- Broadcast: This is the one we’re used to seeing, where the first episode is filmed in air-quality.
- Demo: Similar to the presentation, this isn’t meant to be aired. It’s low quality and shorter than a normal episode
- Backdoor pilot
- Spin-offs: You’ve seen TV shows that are spin-offs. Well, this is often how they get made. It was hugely popular in the 1970s and 1980s, where one stand-alone episode on a series would be really different, with brand new characters, and the new show would be picked up based on that episode’s results. Batwoman would be an example of this.
- Movie or MiniSeries: The other popular kind of backdoor pilot is a made-for-tv movie or short series. This is far more rare.
- Unintentional pilot – These are weird, but it helps if you remember that The Simpsons used to be a short on The Tracy Ullman Show, and from that became a series.
- Put pilot – This is a pilot the network has committed to airing, one way or another. That means if it films it will either see the light of day or the network will pay a lot of money.
- Unsold pilot – This is when we have a pilot that a film studio makes but is unable to sell to a network.
Unless a pilot is a put-pilot, we may never see it. Which means a lot of shows hit this wall and disappear. Pilots aren’t always made by TV networks, you see. This is best explained by the move of Brooklyn Nine-Nine to NBC. While the show aired on Fox originally, the studio that filmed it was owned by NBC. When the show reached 100 episodes, the threshold for syndication, it would cost more money for Fox to air. They decided not to pay, and the show was canceled.
Many networks would rather use in-house studios, ones they have an ongoing deal with, to keep costs low. They only pay the studio, after all.
It’s a Gamble
It’s hard to tell from one episode if a series will work. While Netflix and Hulu often make put-series orders, that’s exceptionally rare. On streaming media, it’s easier for the whole show to get a full series without airing a pilot, as the ratings don’t matter until renewal. For network TV, however, the ratings are everything. Low ratings means it’s harder to sell advertising space, and network TV needs those to survive.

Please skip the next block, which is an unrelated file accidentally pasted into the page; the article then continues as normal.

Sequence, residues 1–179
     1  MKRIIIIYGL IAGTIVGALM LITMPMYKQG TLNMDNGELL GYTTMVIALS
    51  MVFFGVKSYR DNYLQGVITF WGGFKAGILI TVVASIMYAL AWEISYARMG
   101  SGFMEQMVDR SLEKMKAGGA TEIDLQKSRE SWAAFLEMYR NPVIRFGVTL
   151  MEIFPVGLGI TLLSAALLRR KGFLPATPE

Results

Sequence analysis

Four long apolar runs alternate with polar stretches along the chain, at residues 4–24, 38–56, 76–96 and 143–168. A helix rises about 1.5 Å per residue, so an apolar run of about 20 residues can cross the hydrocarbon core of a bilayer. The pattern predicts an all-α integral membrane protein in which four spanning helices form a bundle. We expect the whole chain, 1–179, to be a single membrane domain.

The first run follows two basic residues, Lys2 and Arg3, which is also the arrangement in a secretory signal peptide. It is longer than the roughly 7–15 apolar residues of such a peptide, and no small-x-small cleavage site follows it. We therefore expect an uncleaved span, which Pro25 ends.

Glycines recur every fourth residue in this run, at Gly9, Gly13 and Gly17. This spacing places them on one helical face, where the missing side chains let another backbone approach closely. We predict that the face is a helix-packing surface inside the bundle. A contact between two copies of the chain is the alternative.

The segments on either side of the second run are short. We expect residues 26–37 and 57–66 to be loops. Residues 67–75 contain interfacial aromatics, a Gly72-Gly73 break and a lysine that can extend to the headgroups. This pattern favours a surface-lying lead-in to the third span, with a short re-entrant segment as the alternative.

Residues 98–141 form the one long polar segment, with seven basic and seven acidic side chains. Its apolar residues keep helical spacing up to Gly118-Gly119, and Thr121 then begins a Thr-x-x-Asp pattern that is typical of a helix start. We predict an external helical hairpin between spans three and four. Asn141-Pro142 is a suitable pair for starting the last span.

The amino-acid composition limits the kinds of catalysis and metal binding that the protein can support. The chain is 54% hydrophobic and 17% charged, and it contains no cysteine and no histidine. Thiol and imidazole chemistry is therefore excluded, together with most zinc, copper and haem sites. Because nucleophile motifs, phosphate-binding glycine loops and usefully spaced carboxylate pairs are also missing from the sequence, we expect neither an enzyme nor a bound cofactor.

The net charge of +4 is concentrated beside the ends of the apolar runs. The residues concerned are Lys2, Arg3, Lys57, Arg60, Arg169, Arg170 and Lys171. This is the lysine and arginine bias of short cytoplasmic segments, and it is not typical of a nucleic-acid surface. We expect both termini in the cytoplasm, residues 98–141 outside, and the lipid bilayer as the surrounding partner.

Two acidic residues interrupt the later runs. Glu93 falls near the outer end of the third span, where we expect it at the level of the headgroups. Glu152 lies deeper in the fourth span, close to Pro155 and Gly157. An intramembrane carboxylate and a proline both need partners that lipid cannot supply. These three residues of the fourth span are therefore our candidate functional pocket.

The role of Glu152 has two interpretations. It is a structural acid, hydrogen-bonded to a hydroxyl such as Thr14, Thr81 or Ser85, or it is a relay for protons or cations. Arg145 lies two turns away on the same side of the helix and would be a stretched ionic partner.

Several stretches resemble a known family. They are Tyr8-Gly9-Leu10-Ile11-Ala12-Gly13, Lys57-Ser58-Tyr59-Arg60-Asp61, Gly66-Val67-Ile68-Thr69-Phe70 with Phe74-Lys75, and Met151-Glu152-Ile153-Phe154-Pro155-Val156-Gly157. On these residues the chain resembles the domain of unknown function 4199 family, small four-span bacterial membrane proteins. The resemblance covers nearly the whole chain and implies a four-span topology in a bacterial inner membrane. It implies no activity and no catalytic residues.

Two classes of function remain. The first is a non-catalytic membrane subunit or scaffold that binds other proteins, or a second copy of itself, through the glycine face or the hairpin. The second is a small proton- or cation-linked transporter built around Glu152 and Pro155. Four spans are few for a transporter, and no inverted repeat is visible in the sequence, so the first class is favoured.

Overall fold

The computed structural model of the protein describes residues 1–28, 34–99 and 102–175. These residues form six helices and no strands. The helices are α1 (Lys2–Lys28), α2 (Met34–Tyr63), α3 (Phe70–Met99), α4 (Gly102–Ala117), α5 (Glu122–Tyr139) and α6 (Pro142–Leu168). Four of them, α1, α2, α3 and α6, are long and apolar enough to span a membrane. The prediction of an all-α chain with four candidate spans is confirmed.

Being able to pick a winner TV show from a script is a phenomenal skill. Not all stories translate well to screen and much of a show’s success is based on the chemistry of the cast. That’s why those tests, where they check if two actors work well together, are so important. As are the test audiences who see what the creators can’t.
Finally it’s up to the network to decide the worth. It a network (or it’s executives) don’t like a show, or the premise, it’s never going to see the light of day. This is why some networks have nothing but the same type of shows, over and over. And the more toxic a network is … well. You get the idea.
In the end, it seems like a miracle any series gets made at all, with all those hurdles. So don’t be surprised when a pilot you hear about vanishes. It’s expected.